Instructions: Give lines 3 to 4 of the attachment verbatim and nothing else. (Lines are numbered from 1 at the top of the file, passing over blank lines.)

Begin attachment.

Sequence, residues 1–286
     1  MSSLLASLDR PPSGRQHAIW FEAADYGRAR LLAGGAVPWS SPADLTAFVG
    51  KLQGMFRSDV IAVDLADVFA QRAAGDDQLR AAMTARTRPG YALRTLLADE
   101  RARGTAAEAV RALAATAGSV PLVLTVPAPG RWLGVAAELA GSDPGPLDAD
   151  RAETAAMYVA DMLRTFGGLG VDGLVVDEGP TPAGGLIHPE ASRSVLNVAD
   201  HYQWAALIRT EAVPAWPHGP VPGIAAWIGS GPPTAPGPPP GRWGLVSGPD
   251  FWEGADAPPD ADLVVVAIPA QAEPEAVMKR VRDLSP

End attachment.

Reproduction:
    51  KLQGMFRSDV IAVDLADVFA QRAAGDDQLR AAMTARTRPG YALRTLLADE
   101  RARGTAAEAV RALAATAGSV PLVLTVPAPG RWLGVAAELA GSDPGPLDAD